We’ve all seen the signs of bad customer service. Those are easy to spot. Rude staff, bad manners, forgotten orders. But what about the more passive instances that might not be obvious to everyone, but soon snowball into a full-fledged affront to the customers you profess to care so deeply about?

customer centric

The little things add up. Have you ever been to a restaurant that was so cold you have to bring a sweater? In this example of a customer service “micro-aggression,” the employees set that temperature for their own comfort, not yours.

What about your call center, which is the lifeblood of your business? In the call center world, we refer to customer experience (CX), which is the process through which people deal with your business.

Here are some of the signs that your CX might not be customer-centric:

1. You’re restricting communication to phone-only.

If you’re doing this, you’re missing out on a whole new generation of users who utilize text-based communications such as SMS (text messaging), webchat, and social media messaging. If a customer cannot text you, they’ll text your competitor. DiRAD’s Interactive Voice Response System has mass notification and custom outbound alerts via voice, SMS, and email to ensure any user feels comfortable communicating with you.

2. Your business hours are the only times that customers can contact you.

While you might not be able to staff 24/7, you can add tools like chatbots and automated texting so that the customer might find answers that way. The same text-based generation listed in (1) above would appreciate this functionality. Imagine being able to change an appointment without having to wait until the next day to speak with someone.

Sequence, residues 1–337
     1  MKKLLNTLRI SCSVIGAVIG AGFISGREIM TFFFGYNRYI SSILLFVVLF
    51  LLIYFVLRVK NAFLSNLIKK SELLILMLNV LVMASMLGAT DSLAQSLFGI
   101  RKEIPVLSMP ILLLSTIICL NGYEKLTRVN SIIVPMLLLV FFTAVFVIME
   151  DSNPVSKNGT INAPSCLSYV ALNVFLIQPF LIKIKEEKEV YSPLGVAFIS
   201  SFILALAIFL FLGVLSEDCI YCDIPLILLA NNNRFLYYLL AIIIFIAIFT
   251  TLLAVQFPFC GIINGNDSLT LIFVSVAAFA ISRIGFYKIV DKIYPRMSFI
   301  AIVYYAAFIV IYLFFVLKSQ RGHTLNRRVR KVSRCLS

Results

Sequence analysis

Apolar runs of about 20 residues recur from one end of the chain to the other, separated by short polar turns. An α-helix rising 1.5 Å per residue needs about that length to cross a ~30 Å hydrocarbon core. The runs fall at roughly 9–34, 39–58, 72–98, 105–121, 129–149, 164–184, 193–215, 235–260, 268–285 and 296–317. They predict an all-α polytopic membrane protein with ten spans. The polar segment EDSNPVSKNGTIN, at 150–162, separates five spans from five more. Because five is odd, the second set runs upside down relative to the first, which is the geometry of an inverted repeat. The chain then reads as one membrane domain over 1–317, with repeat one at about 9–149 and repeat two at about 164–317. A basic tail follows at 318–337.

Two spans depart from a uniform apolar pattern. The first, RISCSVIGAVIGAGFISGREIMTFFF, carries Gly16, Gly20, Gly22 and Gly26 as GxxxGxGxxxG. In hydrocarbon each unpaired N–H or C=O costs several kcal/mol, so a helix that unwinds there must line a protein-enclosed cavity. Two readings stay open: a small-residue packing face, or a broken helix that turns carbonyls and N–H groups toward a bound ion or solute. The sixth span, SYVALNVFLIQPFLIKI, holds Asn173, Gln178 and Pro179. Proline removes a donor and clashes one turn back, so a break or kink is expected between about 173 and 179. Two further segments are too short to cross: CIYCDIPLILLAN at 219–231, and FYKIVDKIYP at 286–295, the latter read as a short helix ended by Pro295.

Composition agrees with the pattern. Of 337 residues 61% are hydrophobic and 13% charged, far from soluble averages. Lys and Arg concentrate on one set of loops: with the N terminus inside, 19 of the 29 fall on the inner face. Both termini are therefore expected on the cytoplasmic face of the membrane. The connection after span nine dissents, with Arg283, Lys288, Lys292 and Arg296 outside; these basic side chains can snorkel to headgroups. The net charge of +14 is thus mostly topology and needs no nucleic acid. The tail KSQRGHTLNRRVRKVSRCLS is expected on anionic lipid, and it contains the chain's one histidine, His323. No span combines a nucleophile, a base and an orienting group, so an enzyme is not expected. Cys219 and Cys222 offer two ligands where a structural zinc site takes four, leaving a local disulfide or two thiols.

3. Too many messages play before a customer can speak with someone.

  • “Thank you for calling That Credit Bureau!
  •  If you are calling to check your score, press 1.
  • If you are calling to report suspicious activity, press 2. (PRESSES 2)
  • If you are reporting suspected fraudulent activity, press 1.
  • If you are reporting suspicious new accounts, press 2.
  • If you are reporting suspicious activity on current accounts, press 3. (PRESSES 3 ANGRILY)
  •  To report suspicious activity on a current account please go to our website – returning to the main menu!” (HANGS UP DISAPPOINTED)

We’re all familiar with this, but here’s why it happens: businesses want to slow down the pace of transfers to customer service agents, thereby reducing the burden on (and need for more) agents and reducing time in the queue. This isn’t to improve CX, it’s to improve the statistics — leading upper management to believe things are OK in the call center. It also masks the fact that this call center is likely running understaffed.

4. “Your call is very important to us”.

Is it really, though? While this is often unavoidable, come up with something more creative at least. Offer the caller the option to hold their position for them, and you’ll call them back when an agent is ready. Don’t run so understaffed that you have to keep people on hold long enough to hear this message repeat multiple times. By the third time they’ve heard it, they have stopped believing you care about their call and it rings untrue.

The above are examples of poor customer service that might not be obvious to you, but they quietly point out to customers that they might not be the most important person in the room. Customers are much more perceptive than we think, and it’s time to acknowledge this and do better before further damage is done.

Article written by DiRAD Technologies, Inc.

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